Online tool visualises effects of sea level rise on dunes
Published: 18 September 2019
In recent decades, research on the interaction between the sea and the coast has mainly stopped at the foot of the dunes. The new tool goes a step further and also shows the effects of sea level rise on the dunes. Dr. Eleveld believes this is needed to ensure that dunes will grow in line with sea level rise as a way of coping with climate change.
More certainty about the condition of the dunes as the sea level rises
The foredune, the first row of dunes facing the sea, has benefited from beach nourishment on the Dutch coast in recent decades. The wind has deposited some of the sand on the dunes, which have increased in size as a result. Traditionally, these dunes have been stabilised using marram grass and the sand was prevented from affecting the dune area as a whole and rejuvenating it naturally. Dune managers are now more interested in dynamic dune management with the aim of maintaining the vitality and health of the dunes. Drifting sand enhances the landscape and the natural values of the dune area. But the question is to what extent the dunes can cope with rising sea levels. The tool allows for an assessment of what is left of the first row of dunes after a given rise in the sea level, storm surges and wave build-up, and whether a shift in the coastal regime is to be expected. It helps dune and coastal managers to think about possible ecosystem-based, climate-resilient solutions in the dune areas they manage.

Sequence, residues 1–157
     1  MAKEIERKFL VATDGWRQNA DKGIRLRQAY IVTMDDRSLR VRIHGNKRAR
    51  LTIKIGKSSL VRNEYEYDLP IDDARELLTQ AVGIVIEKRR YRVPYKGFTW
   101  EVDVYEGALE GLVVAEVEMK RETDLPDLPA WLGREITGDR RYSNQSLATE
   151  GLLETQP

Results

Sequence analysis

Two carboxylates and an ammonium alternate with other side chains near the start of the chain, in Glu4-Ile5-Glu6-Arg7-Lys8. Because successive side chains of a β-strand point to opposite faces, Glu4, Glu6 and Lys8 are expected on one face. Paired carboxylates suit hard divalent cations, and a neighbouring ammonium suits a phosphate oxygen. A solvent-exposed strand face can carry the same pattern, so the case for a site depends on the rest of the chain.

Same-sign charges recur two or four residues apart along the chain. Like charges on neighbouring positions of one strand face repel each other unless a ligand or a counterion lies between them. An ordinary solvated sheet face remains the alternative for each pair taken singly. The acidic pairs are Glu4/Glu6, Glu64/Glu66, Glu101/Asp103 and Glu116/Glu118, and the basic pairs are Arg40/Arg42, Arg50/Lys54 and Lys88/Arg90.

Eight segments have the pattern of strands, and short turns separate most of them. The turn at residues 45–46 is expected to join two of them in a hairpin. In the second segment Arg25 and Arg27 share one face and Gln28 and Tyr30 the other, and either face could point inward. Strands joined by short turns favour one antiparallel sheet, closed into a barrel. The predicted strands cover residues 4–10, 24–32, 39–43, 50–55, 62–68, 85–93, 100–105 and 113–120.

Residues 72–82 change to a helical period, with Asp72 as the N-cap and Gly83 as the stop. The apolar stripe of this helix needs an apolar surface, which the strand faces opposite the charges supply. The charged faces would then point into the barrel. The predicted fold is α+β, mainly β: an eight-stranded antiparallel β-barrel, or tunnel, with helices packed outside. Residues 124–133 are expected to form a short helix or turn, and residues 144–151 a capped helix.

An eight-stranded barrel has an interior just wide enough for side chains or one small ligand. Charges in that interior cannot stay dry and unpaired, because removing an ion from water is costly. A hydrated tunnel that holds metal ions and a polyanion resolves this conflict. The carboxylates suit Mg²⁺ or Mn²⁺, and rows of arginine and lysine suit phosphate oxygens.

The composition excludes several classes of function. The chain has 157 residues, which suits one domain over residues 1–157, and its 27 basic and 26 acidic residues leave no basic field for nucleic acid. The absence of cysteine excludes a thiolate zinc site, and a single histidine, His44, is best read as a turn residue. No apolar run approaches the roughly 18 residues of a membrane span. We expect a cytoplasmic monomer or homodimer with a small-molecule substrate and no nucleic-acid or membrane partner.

The ENDURE tool can be found online. It combines general morphodynamic concepts such as Bruun’s Law and the Sallenger Storm Impact Scale with wave and storm surge reanalysis data (ERA5 and GTSR) to illustrate possible future scenarios for dune coasts. The tool has been used on a number of sections of the Dutch coast. ‘The important thing now is to allow stakeholders to test the tool and provide us with feedback,’ says Dr. Eleveld. ‘We also want to expand the tool by using profiles from other sandy coasts in, for example, Belgium, France and Great Britain. My dream is that dune and coastal managers will use the tool to discuss the possibilities – and impossibilities – of a resilient coastal and dune area.’
Sand dunes as an adaptive, living seawall
ENDURE is a three-year INTERREG programme that investigates how coastal dunes can be optimally used as adaptive, living sea defences. The project is co-financed by the ERDF through the Interreg 2Seas programme.